After visiting campus for Dr. Herrell’s 50th reunion, the couple realized they could do more to help students. They decided to create the Herrell Family Scholarship through a charitable gift annuity, in addition to donating to the class scholarship.

“It’s not cheap to go to any kind of graduate school these days,” Dr. Herrell said. “Most students have to work many years to pay off their borrowing. It would be nice if we had scholarships for every incoming medical student.”

Through their scholarship support, the Herrells will empower new physicians who will pave the future of medicine, much like Dr. Herrell and his classmates did over the last five decades.

“When I went to medical school, we had a one-day lecture about cytogenetics,” he remembered, referencing a branch of genetics involving the analysis of chromosomes in individual cells. It plays an important role in diagnosing and treating diseases today.

“I set up a cytogenetics lab in the army in Germany during Vietnam after learning the procedures at the University of Michigan during my residency. Then I did it again when I moved back to my hometown’s hospital. I had a fulfilling career in medicine and am now happy to help others contribute to the field in their own ways.”

Class of 1972: Paying Generosity Forward 

Dr. Jay Perman

Jay Perman, ’72 MD, chancellor of the University System of Maryland and a pediatric gastroenterologist, is a longtime donor to Feinberg’s medical school scholarship fund. Here, Dr. Perman reflects on how his Northwestern education prepared him for a successful career and explains why he wants to work with his former classmates to establish a Class of 1972 scholarship.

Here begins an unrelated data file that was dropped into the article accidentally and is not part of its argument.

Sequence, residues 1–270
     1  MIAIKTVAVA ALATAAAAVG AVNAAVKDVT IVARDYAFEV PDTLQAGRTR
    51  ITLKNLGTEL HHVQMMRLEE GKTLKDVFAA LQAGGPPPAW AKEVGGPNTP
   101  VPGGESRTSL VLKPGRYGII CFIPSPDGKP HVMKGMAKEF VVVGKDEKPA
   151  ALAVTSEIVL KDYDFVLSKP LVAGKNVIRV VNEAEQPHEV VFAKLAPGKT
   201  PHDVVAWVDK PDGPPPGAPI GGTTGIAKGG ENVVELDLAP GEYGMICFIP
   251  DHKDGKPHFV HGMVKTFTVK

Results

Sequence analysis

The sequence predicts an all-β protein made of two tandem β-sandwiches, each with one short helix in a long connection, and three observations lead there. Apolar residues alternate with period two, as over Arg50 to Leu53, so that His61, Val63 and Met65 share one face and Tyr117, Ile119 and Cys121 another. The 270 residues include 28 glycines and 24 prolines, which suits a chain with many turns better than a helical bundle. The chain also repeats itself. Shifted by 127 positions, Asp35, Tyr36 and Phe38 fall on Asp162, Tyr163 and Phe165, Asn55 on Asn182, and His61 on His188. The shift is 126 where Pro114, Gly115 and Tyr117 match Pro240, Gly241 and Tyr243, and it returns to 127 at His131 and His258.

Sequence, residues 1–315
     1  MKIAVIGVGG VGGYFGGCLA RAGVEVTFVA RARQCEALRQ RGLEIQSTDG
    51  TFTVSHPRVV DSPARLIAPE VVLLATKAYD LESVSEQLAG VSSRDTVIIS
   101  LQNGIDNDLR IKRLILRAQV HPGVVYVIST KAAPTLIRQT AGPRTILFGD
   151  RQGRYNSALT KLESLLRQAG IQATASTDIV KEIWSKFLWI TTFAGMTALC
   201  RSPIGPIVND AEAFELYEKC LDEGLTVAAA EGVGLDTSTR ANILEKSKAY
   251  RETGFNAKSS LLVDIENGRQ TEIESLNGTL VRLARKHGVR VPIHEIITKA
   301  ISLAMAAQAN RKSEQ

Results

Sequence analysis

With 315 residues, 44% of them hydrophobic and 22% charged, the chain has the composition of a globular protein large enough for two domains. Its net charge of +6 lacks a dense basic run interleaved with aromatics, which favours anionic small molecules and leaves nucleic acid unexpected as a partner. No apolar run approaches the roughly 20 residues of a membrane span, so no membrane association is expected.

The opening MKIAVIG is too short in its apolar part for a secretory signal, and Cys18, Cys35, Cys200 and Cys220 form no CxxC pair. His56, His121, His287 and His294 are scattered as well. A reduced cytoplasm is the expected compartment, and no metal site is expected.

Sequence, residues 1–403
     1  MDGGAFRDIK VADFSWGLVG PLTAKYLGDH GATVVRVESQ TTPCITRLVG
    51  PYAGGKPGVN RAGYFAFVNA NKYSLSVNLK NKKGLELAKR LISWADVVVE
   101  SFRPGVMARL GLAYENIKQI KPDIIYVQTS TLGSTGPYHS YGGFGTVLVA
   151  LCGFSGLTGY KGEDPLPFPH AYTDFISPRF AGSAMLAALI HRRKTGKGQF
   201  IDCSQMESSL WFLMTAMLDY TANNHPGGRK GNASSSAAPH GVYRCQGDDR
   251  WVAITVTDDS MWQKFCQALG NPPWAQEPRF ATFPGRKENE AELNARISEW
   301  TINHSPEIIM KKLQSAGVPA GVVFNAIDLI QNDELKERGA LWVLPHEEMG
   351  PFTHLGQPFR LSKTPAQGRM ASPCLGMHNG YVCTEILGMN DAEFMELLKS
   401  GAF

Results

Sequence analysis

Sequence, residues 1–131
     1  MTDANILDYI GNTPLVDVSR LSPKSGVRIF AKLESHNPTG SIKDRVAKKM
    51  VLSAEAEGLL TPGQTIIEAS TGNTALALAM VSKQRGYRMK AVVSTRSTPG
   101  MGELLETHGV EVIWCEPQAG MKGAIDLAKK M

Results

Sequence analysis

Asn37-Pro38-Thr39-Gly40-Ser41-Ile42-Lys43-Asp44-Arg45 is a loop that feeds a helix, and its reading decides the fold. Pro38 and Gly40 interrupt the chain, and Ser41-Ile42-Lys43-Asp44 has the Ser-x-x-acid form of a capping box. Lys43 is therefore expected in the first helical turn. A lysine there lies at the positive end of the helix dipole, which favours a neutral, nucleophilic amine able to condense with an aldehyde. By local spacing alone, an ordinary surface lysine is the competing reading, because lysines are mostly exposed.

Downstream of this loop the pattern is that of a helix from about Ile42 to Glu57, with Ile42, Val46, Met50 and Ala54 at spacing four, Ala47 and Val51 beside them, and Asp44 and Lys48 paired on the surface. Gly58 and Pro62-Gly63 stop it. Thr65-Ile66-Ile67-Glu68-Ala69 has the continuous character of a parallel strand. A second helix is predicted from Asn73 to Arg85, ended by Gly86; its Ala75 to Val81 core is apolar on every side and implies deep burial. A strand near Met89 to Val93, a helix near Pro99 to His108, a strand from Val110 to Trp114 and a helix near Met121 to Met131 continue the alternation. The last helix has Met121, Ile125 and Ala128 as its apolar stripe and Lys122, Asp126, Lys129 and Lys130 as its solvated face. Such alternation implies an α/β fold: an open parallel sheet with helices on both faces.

“The road from physician to chancellor of a major university system isn’t one that’s traveled often. But here is something else that’s unusual: I still practice medicine. Each week, I treat young children and work with their families in my clinic at the University of Maryland Medical Center. I also teach team-based healthcare to students in six professional schools at the University of Maryland, Baltimore. 

It’s certainly a pull on my time, but I do it because I love it. I think it’s vitally important that health professionals learn how to work and communicate with one another in a team setting. It also helps me understand what is on students’ minds and what we need to do better—as educators, universities, and organizations rooted in communities that need our engagement and service. 

I also do it because I feel that I’m well-equipped to continue running the clinic and teaching students. I credit that to the medical education I received at Feinberg. So many years later, I still have confidence to stand in front of today’s medical students and residents and be part of their training because of the strong foundation I got from Northwestern and the scholarship that made it possible. 

Growing up, I was the only child of immigrant parents who fled persecution in Ukraine to settle in Chicago. They opened a hand laundry on the city’s West Side. I was 14 years old when my father passed away from esophageal cancer. My mother took a second job as a seamstress to make ends meet. 

From a very young age, I knew I wanted to be a physician. I was fortunate to be accepted to Northwestern for my undergraduate education—and to get scholarships and work-study and a modest student loan to be able to pay the tuition. 

I was accepted to the school of medicine, but that didn’t seem to matter much, because I knew there was no way I’d ever be able to afford it. Then I got a letter in the mail from Northwestern telling me I was the Ploner Scholar and that my medical education would be paid for.